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PDF Editor FAQ
Does Flatiron School prepare students for the usual highly algorithms based interviews?
The short answer is yes - but I’d like to caveat that and say that our main goal is to prepare you to be successful on the job. In our Full-Stack Developer program, we teach you the basics of computer science which is meant to help you succeed in a technical interview (including ones that are algorithms-based) and most importantly help you become a better developer, someone who is prepared to take on the challenges of today and continue learning the future. Because as a programmer, you never stop growing and learning.Having worked with hundreds of employers, we’ve seen many ways by which they assess technical competency. What’s good to keep in mind is that in the end a hiring manager is basically trying to figure out three things through the interview process:Will you perform well in this job?Could I/my team work with you every day?Are you smart? (that is, smart enough to keep learning on the job)To answer your question, there are three main ways we prepare you for a computer science/algorithms-based interview, which is a more traditional approach to technical interviews.1. Computer Science curriculumWe know certain employers will test job applicants about computer science theory during the interview process, which is one of the reasons we teach some computer science both during and after the program. For better or worse, a lot of that theory is more trivia than useful in any real context. But a large part of the value we provide is preparing students for these types of technical interviews and we have a solid success rate in helping our graduates find jobs. We also teach this content because we want you to know the theory that will help you as you grow as a developer.2. Mock interviewsThis method of interview usually requires candidates to code on a whiteboard. It’s somewhat artificial and a skill in-and-of itself - which doesn’t even get to the heart of whether you’re a good programmer and can actually do the job. That’s why the mock interview is really important. While all of our students practice their coding skills in front of an instructor as part of their larger assessments in order to move forward in the program, the mock interviews are a chance to get feedback - not just on how you think about code, but also how you perform in the interview context with someone you don’t already know. Do you ask the right questions? If you get stuck, do you have smart tactics for dealing with it in front of an interviewer? These are all things our career coaches help students with.3. Student projectsStudents create multiple projects throughout the program, which often become portfolio pieces that help during the interview process. Here are some great examples:HeatSeek - which measures apartment temperature and ensures landlords in NYC fairly heat apartments, especially in low-income neighborhoodsOctoMaps - a Github repository mapperFarmSquare - an iOS app that allows users to find nearby Farmers Markets as well as see their status, products, nutrition info, and set up a grocery listTypes of technical interviewsFinally, I’d also challenge whether the “algorithms based” approach is actually the most “usual”. Based on our experience, there are actually two other common ways employers assess a student’s technical aptitude - and our program will also prepare you for these:Code challenge - this will require you to go off and build a real feature in your own time. While this will show you what a real-world assignment might look like, there’s still some debate over whether this is fair to candidates. Regardless you may still encounter this approach.Pair programming - this is an agile software development technique in which two programmers work together at one workstation. This will show that you can work under pressure and also how you collaborate in a team setting, which is super important for a developer.If you’re considering applying to Flatiron School, our admissions or career services teams would be happy to talk in more detail about any of these points. Feel free to reach out at [email protected]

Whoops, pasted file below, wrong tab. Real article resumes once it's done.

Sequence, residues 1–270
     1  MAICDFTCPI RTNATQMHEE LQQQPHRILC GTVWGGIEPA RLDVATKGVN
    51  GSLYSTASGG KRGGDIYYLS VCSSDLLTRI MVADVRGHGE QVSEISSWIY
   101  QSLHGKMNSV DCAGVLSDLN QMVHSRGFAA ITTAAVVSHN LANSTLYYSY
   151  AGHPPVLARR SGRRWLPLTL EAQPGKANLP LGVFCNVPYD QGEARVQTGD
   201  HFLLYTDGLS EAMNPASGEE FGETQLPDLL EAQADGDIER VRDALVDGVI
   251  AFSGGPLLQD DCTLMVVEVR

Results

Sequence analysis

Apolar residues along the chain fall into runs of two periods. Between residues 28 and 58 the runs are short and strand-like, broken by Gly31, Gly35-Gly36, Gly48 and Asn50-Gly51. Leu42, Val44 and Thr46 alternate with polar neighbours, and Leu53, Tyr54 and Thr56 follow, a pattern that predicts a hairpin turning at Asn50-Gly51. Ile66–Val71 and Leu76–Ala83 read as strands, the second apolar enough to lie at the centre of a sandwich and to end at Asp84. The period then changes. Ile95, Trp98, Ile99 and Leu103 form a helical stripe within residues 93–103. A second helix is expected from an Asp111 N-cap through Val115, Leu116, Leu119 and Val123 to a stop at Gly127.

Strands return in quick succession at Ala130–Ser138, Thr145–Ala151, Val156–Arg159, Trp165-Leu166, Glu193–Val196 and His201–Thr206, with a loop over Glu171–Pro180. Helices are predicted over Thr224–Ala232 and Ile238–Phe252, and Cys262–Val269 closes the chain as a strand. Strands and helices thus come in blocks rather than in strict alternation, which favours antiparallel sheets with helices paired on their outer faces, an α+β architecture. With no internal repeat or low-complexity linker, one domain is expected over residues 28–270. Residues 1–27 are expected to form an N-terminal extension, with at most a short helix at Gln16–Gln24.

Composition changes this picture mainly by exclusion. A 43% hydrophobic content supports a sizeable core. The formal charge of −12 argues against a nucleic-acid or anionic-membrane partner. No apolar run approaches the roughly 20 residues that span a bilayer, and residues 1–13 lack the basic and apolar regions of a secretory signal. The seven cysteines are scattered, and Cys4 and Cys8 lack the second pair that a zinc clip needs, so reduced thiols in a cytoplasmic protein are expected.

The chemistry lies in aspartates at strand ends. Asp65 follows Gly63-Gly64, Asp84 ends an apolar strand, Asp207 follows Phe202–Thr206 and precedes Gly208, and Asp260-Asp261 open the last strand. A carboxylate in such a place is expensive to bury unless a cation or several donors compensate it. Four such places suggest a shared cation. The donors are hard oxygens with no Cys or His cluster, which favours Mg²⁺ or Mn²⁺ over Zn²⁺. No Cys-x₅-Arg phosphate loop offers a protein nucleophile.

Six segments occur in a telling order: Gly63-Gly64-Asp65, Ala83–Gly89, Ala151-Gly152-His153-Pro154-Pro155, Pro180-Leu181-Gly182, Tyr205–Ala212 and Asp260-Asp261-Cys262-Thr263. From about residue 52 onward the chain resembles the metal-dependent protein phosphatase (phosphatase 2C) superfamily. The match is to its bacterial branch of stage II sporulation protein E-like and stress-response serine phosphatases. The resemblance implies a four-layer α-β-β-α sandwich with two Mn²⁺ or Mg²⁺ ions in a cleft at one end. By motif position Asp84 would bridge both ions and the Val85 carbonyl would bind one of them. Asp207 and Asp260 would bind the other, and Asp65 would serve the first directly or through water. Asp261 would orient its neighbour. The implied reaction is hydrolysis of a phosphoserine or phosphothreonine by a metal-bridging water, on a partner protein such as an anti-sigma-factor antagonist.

Have you ever been hired for a job that turned out to be a scam?